The Borlaug Hypothesis

Modern Farm Practices, Increased Production, Less Land, Fewer Inputs

By Marty Matlock

Our cousins in Europe are tangled up in a debate over the merits of modern ag practices. Some have adopted the notion that “ecological agriculture” is the way to achieve their bucolic vision of small-scale agrarian surfs producing local food in adequate amounts to feed the world. Their position is that this so-called new notion of production, where small plots produce multiple crop species, usually hand-tilled, cultivated and harvested, is the only way to sustain soil health.

This form of integrated production is, of course, not a new concept. My Cherokee ancestors practiced this form of agriculture 400 years ago in the southern woodlands of this continent. It required significant labor and land to reliably produce enough food to support their villages through the winter. Modern producers have learned good lessons from those before us; the wisdom of soil health management is critical to today’s U.S. farmer. Good agricultural practices utilize ecological principles to focus on building and maintaining healthy soils, using integrated pest management strategies to break insect and weed cycles without pesticides, promote water infiltration through conservation tillage, and maximize yields from the land.

The real agenda of the ecological agriculture movement is to promote small-scale ag as good, and large-scale, intensive ag as bad. My mentor, Norman Borlaug, never saw this as an either-or option. He believed sustainable prosperity from the land can come from many production models and strategies. He proposed the way humans can expand global food production to meet the nutritional demands of 10 billion people is to intensify yield in the most productive regions and to set aside less productive areas for habitat, especially endangered species.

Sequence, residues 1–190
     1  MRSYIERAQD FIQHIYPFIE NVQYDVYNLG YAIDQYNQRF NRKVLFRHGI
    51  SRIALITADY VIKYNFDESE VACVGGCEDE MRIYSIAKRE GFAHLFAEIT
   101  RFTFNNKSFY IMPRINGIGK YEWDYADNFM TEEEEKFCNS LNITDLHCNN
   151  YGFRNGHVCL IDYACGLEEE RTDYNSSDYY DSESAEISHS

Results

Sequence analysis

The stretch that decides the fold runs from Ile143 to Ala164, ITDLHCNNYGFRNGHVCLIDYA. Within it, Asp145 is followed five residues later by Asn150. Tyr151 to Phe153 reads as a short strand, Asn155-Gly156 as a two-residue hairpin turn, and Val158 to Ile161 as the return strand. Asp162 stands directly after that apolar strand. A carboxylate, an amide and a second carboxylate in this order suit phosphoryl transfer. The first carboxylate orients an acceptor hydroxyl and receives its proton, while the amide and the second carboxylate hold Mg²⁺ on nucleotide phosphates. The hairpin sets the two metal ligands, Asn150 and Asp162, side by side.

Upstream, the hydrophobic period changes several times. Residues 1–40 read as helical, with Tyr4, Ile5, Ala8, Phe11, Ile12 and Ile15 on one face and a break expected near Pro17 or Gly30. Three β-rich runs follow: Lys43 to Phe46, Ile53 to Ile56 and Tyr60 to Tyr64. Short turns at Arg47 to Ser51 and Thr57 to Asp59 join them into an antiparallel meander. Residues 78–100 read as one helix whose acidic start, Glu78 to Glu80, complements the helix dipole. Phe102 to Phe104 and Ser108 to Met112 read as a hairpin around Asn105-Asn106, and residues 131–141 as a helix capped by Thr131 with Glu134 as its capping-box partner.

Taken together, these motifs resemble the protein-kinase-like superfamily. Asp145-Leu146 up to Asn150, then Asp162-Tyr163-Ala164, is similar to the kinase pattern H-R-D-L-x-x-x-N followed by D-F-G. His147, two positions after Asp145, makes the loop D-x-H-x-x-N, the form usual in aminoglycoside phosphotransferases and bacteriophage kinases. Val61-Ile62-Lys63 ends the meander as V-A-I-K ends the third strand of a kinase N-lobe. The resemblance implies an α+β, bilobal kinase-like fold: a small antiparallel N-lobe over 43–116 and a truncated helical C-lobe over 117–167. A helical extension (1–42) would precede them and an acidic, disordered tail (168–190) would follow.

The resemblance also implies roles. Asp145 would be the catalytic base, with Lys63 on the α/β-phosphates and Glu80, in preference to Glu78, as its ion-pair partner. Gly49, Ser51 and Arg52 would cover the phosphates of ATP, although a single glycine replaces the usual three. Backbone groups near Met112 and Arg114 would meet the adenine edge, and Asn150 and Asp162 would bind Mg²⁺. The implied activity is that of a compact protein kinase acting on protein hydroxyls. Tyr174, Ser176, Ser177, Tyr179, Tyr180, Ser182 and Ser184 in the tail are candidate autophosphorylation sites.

Thus, the Borlaug Hypothesis states modern tech practices that increase yield on an area of land will result in improved conservation of wildlife through preservation of critical habitats.

Farmers know producing more crops with fewer inputs is the goal of modern agriculture. Tech advances have allowed remarkable increases in productivity the past 20 years. Some of those have been through increased input use, like fertilizers and pesticides, that economists call partial factor productivity (PFP). However, improved genetics have allowed for many productivity gains to occur with the same or even fewer inputs overall, called total factor productivity (TFP).

U.S. soybean yields in 2018 averaged 52.1 bushels per acre. This is nearly double the average yields less than 40 years ago. Producers achieved this using both PFP and TFP strategies. Improved soil fertility management meant managing phosphorus and soil pH more carefully, a PFP strategy. Improved genetics allowed for broad-scale adoption of conservation tillage, which reduced fuel inputs and significantly reduced pesticides applied, a TFP strategy.

Realizing the promise of the Borlaug Hypothesis requires an integration of technology and ecosystem solutions. For modern producers, inputs have already been optimized for production strategies, so TFP is the most desirable and promising approach to continue to increase yields. Technological innovations in crop genetics, fertilizer application and release methods, and post-harvest loss reductions will be critical. However, we will also need to focus on ecological mechanisms of pest control, improved nutrient cycle management through use of green manures and comprehensive adoption of conservation tillage, cover crops and other soil health management strategies. U.S. farmers are setting the standard for increasing production on less land with less input. This is the model for demonstrating the truth of the Borlaug Hypothesis.

Marty D. Matlock, PhD, PE, BCEE, was recipient of the 2018 CAST Borlaug Ag Communication Award. He is a professor in the University of Arkansas Biological and Agricultural Engineering Department and is executive director for the university’s Resiliency Center.